It is often used for rehabilitation because the exact area of muscle weakness can be isolated and strengthening can be administered at the proper joint angle. 
  31. Patients who are bed bound can use this form of exercise to maintain or regain strength.
    Isometric exercise
  32. Movement of the joint during muscle contraction
    Isotonic exercise
  33. A classic example of _____ is weight training with free weights.
    Isotonic exercise.
  34. Calisthenics, such as chin ups, push ups, and sit ups, all of which use the body weight as a resistance force are considered _______ exercise.
    Isotonic exercise
  35. This type of exercise combines the best features of both isometrics and isotonics by providing resistance at a constance, preset speed while the muscle moves through the full ROM.
    Isokinetic
  36. _____ exercise aquires enerfy from metabolic pathways that use oxygen.
    Aerobic
  37. In this type of exercise, the amount of oxyen taken into the body meets or exceeds the amount of oxygen required to perform the activity.
    Aerobic exercise
  38. ____ exercise uses large muscle groups, can be maintained continuously, and is rhythmic in nature.
    Aerobic
  39. Jogging, brisk walking, and cycling are all common forms of what kind of exercise?
    Aerobic
  40. ____ exercise occurs when the amount of oxygen taken into the body does not met the amount of oxygen required to perform the activity.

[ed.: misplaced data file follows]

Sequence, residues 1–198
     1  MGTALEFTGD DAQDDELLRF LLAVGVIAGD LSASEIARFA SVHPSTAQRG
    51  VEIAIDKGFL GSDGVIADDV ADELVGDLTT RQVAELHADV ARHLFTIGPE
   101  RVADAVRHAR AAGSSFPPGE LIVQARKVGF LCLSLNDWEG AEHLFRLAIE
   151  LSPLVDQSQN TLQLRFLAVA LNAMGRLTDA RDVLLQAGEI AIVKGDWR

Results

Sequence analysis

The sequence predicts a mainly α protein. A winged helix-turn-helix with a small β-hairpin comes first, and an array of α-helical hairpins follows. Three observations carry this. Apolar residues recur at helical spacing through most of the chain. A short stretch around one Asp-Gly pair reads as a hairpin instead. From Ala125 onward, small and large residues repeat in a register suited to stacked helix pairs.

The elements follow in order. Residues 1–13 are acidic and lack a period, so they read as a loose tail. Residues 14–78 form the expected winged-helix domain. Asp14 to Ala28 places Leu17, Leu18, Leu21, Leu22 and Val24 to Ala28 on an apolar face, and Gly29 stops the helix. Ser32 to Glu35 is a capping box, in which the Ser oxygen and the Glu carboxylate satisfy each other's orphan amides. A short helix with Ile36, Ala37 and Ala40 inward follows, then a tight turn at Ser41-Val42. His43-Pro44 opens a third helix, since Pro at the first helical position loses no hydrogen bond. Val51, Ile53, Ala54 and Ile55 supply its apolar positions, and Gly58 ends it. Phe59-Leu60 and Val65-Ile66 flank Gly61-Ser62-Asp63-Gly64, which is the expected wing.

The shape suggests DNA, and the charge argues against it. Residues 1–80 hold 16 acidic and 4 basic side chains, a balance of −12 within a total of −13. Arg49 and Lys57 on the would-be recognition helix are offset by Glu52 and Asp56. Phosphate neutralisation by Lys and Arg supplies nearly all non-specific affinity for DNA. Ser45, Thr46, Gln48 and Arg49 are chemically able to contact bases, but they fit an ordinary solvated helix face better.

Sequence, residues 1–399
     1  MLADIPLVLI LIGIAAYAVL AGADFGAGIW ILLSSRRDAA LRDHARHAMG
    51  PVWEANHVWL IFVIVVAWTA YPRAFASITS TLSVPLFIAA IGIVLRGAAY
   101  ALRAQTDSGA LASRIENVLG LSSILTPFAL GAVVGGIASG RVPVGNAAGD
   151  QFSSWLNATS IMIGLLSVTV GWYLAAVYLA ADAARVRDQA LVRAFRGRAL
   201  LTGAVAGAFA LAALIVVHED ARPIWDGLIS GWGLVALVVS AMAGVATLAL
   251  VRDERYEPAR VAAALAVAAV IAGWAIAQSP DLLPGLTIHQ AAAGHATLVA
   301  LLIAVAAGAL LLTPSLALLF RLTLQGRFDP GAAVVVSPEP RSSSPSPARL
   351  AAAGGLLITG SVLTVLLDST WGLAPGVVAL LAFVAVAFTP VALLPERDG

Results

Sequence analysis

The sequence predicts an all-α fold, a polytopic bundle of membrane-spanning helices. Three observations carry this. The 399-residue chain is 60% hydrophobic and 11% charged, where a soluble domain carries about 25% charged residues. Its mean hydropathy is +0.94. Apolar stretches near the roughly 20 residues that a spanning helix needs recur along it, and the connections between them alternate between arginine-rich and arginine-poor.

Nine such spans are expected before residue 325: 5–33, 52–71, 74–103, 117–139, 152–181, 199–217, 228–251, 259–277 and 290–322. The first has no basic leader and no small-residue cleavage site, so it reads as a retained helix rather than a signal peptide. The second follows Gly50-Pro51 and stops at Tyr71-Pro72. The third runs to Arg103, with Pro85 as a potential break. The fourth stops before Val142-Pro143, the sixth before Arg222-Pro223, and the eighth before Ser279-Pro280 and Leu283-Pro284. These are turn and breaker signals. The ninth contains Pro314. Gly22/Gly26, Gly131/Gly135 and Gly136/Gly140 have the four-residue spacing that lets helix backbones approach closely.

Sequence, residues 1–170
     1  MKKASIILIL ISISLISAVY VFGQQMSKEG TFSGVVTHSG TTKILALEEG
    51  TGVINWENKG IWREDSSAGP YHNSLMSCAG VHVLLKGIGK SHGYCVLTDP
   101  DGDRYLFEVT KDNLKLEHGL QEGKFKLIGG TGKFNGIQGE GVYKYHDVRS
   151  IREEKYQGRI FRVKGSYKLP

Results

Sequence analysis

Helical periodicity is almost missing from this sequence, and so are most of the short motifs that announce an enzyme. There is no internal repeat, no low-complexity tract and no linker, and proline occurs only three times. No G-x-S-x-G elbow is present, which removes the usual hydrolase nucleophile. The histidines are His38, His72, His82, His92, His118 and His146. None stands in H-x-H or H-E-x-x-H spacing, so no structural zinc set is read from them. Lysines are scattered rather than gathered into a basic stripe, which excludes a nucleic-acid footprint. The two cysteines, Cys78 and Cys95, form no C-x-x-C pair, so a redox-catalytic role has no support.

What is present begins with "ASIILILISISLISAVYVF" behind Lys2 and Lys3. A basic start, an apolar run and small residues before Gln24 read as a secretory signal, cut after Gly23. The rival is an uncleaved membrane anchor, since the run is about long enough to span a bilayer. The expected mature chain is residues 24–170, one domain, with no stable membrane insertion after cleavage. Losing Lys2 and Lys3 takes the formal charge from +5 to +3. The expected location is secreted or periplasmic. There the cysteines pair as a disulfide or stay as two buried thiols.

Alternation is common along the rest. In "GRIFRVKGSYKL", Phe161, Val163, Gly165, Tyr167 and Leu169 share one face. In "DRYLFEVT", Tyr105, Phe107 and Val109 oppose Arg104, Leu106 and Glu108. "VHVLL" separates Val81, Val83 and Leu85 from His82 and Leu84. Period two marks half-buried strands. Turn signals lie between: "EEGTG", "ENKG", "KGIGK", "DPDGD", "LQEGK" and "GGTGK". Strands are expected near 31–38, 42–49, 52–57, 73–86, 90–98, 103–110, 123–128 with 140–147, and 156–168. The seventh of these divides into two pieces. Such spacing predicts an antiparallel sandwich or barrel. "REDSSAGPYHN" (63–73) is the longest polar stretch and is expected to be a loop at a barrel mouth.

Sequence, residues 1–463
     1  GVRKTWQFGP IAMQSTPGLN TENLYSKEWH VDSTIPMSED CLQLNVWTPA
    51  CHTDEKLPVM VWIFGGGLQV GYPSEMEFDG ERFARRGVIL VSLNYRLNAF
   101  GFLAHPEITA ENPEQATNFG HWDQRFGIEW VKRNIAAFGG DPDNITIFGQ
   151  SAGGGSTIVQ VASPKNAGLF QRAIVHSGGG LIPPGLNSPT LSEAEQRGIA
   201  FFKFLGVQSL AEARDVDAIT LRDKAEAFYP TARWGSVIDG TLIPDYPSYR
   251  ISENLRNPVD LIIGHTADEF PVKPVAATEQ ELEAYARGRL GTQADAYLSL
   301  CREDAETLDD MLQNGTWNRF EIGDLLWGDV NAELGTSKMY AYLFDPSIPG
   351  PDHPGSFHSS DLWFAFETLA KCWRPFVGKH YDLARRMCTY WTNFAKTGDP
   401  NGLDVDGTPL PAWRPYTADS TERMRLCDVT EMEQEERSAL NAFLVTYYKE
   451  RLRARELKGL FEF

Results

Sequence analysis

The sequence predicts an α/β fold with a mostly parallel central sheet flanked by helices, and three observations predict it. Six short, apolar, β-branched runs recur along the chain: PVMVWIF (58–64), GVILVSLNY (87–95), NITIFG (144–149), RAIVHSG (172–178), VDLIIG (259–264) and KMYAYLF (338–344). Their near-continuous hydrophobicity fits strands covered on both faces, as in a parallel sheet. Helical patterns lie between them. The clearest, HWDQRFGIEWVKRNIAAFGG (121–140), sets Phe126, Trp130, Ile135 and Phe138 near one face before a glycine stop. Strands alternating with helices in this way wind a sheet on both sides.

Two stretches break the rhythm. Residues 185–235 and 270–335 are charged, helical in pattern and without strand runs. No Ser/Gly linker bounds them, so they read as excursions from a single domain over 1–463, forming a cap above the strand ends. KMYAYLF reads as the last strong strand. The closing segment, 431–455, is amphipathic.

Anerobic
  41. Rapid, intense exercise, such as lifting heavy objects, or springing, are examples of this kind of exercise.
    Anaerobic
  42. When a person is exercising for strength, the goal is to do what?
    Increase the amount of resistance with each exercise (lift more weight)
  43. When a person is exercising for endurance, the goal is to do what?
    Increase the number of repetitions with each exercise (lift the weight more times)
  44. Fitness and body composition are improved by _____.
    Aerobic conditioning
  45. What are the components of aerobic conditioning?
    • Intensity
    • Duration
    • Frequency
    • Mode 
  46. The US Department of Health and Human Services recommends ____ hours/minutes per week or more of moderate intensity physical activity coupled with _____.
    • 2.5 hours/ 150 minutes per week
    • Increasing the activity every day 
  47. What is the minimum frequency of exercise recommended by the USDHHS?